When one can predict AND COUNTER-ACT many (if not all) adverse circumstances by which a stay in a hotel for a business trip (or holiday travel) jeopardizes new habits of eating healthy meals every day and exercising every day a desired 30-45 minutes 5 or more days a week, there is no problem with travel! Taking exercise equipment to a hotel room, or going for a walk or a jog could never be easier. Planning meals ahead, grocery shopping for healthy meals and preparing healthy meals at hotel room (!) or researching menu in restaurants in the vicinity of a hotel to get the best choices are examples of travel-proofing and preventing one’s health goals from being jeopardized. Yet the most common pitfall for holiday travel is the attitude for self-granting permission to indulge in a HOLIDAY FIESTA because “holidays are so rare and you deserve best foods and drinks … and quantity does not matter…”.
The resource-related barriers to reaching the goals are a lack of money and lack of know how. Even being on a budget most goals can be set on a string budget and still be much better than continuing the old habits and making no changes. The happy “compromise case” presented above of watching a movie only when exercising on a treadmill has an obvious prerequisite to its success that one needs to have such piece(s) of equipment. If you are on a budget, or have a very limited space to exercise, then you need to either get a second-hand piece of equipment or select it according to your available space.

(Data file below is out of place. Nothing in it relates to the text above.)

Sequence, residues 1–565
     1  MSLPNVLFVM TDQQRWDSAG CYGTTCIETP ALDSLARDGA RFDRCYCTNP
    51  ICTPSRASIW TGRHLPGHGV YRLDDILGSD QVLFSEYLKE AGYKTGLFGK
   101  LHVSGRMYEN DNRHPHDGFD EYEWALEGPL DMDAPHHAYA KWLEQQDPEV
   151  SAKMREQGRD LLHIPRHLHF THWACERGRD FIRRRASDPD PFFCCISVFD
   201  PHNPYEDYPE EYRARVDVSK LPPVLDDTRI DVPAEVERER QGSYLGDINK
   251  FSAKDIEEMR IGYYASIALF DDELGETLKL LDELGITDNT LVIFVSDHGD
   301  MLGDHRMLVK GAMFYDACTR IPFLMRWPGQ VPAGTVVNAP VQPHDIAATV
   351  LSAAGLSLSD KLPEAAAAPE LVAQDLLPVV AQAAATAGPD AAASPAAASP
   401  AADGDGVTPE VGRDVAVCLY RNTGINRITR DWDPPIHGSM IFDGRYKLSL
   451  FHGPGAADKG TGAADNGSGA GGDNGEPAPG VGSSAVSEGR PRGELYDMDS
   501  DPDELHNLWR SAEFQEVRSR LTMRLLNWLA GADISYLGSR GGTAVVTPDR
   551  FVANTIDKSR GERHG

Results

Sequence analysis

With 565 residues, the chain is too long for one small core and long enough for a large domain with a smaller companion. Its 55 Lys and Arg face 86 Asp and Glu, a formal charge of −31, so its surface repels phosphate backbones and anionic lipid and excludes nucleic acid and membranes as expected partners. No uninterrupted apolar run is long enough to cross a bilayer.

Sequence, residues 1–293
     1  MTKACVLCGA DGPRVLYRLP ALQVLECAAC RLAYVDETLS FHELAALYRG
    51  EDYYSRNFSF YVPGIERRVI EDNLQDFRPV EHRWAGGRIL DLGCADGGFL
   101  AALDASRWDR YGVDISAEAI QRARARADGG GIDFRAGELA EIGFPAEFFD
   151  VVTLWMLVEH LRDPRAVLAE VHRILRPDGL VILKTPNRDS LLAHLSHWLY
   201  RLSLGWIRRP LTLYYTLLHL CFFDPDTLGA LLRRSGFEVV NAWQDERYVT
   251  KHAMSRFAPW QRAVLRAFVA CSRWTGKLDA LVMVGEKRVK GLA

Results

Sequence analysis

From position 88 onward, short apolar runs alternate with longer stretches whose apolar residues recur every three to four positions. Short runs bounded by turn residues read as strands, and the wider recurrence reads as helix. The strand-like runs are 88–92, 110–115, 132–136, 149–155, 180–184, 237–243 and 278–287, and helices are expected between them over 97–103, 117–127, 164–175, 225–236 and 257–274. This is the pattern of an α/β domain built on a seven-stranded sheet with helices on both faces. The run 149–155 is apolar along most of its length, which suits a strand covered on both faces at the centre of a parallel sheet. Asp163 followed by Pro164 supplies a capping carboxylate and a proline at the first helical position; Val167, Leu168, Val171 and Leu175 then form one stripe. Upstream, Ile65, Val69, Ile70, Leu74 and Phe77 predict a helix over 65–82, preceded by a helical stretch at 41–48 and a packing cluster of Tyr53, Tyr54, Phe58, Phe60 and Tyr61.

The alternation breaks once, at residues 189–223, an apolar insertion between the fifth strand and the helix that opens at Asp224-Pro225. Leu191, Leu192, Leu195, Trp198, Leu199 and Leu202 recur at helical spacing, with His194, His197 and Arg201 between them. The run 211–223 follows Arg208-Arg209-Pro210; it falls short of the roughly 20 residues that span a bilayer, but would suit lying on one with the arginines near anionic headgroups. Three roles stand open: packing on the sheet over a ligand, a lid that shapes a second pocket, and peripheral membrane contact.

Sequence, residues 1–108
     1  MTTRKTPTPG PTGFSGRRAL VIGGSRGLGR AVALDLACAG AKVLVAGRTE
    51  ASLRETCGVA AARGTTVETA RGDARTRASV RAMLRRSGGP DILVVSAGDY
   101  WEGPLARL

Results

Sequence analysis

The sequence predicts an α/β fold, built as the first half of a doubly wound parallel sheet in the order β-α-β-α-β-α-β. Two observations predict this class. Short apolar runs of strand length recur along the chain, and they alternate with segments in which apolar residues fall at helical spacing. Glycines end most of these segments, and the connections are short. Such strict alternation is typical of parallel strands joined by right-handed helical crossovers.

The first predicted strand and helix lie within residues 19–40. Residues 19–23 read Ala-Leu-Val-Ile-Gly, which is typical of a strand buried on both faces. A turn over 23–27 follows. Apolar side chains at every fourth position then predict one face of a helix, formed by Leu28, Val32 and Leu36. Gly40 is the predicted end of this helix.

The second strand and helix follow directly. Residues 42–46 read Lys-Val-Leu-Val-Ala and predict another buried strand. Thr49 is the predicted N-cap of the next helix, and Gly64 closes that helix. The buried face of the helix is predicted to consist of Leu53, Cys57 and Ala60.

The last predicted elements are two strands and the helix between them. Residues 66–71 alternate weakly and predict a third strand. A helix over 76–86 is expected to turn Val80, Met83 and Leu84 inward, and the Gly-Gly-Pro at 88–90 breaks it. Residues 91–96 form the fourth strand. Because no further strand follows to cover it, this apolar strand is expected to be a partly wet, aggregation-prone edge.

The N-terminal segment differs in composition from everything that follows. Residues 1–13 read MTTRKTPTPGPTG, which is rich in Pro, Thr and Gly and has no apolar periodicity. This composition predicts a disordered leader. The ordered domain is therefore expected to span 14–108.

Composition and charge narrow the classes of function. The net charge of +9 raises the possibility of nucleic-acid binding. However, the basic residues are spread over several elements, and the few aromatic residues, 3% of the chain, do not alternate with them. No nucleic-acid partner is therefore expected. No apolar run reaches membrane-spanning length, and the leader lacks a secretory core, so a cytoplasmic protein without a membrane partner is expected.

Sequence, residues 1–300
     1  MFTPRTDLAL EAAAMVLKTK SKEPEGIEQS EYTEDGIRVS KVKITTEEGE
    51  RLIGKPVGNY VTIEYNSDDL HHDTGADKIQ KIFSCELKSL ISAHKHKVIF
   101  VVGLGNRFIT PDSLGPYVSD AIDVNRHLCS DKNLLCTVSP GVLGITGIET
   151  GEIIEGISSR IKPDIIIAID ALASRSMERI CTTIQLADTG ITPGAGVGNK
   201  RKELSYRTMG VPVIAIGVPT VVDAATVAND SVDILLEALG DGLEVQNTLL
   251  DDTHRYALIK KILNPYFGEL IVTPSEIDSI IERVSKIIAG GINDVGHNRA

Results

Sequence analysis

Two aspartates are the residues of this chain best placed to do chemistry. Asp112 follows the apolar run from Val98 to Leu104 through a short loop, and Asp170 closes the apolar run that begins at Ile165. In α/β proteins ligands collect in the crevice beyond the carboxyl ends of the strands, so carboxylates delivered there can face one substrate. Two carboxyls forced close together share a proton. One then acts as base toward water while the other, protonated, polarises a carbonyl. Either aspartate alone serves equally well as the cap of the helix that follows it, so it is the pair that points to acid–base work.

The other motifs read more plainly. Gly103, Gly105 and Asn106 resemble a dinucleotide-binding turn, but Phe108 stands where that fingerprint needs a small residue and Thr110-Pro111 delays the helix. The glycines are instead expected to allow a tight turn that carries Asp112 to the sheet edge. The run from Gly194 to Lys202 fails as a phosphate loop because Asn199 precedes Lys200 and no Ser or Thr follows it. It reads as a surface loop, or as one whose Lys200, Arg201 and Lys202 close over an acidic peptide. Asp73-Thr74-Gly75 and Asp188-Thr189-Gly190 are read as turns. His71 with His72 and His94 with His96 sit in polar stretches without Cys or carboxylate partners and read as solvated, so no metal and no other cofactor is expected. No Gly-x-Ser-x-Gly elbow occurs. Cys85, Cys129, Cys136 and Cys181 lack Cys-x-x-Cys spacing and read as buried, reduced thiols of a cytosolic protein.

Based on a wealth body of research, one can start successfully working on making a change only when one is ready to do so. Those people who are in pre-contemplation or contemplation stage are set for a failure as they simply are NOT READY, and starting active pursuit of a new healthy habit would be premature. With support from a Health Coach, these persons can reach the next phase of readiness, PREPARATION, much earlier than on their own, and be set onto their transformation journey. When lacking know-how to make a change, a sustainable one, this is the time to think about using professional support.
With a Health and Holistic Wellness Coach, a professional that holds three certifications under one designation (Fitness, Behavior Modification and Nutrition), one can accomplish the desired destinations. With a Holistic Coach giving you a safe space, offering a non-judgemental environment and providing support for you, you are guided in your transformational journey towards a healthy lifestyle, and a more fulfilled and happier life. Perhaps most important is that all the goals will be designed by you with the Coach guiding you. You are the expert about your life and the Coach will tap to your wisdom, knowledge and help you to start your trek and to finish your trek happy and excited about your own success. By partnering with a Health Coach you will still hold a compass and set your goals. However, your chance of reaching your goals and successfully completing your transformation are undoubtedly best when working with a coach. As this is you who will do all the needed work in acquiring new healthy lifestyle habits (and dropping on your way some, or many, bad habits), your level of self-satisfaction from work done well will be very high, self-efficacy high and self-esteem as high as your success.
Now that you are aware of what stops you from achieving your goals, its time to take it the next level. If you are interested to checking if one of our Coaches can assist you in your transformation journey, please contact us today to schedule your Complimentary Discovery Session.
Not all trails are simple and easy. Some time you need to bend down to go through, sometimes your path needs to be cut-through.
If you enjoyed this blog post about what stops you from achieving your goals, you might find something else on our Blog that you enjoy.